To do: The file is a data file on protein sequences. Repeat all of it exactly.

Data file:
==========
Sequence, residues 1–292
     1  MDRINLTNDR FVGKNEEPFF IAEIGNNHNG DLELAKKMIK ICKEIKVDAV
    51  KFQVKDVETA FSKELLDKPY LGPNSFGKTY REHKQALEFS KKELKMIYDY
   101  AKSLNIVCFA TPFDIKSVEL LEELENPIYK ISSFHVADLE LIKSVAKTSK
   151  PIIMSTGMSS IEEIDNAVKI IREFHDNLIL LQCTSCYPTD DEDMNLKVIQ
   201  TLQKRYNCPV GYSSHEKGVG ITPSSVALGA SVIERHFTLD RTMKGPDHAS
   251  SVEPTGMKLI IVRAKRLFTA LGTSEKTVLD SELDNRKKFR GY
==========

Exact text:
Sequence, residues 1–292
     1  MDRINLTNDR FVGKNEEPFF IAEIGNNHNG DLELAKKMIK ICKEIKVDAV
    51  KFQVKDVETA FSKELLDKPY LGPNSFGKTY REHKQALEFS KKELKMIYDY
   101  AKSLNIVCFA TPFDIKSVEL LEELENPIYK ISSFHVADLE LIKSVAKTSK
   151  PIIMSTGMSS IEEIDNAVKI IREFHDNLIL LQCTSCYPTD DEDMNLKVIQ
   201  TLQKRYNCPV GYSSHEKGVG ITPSSVALGA SVIERHFTLD RTMKGPDHAS
   251  SVEPTGMKLI IVRAKRLFTA LGTSEKTVLD SELDNRKKFR GY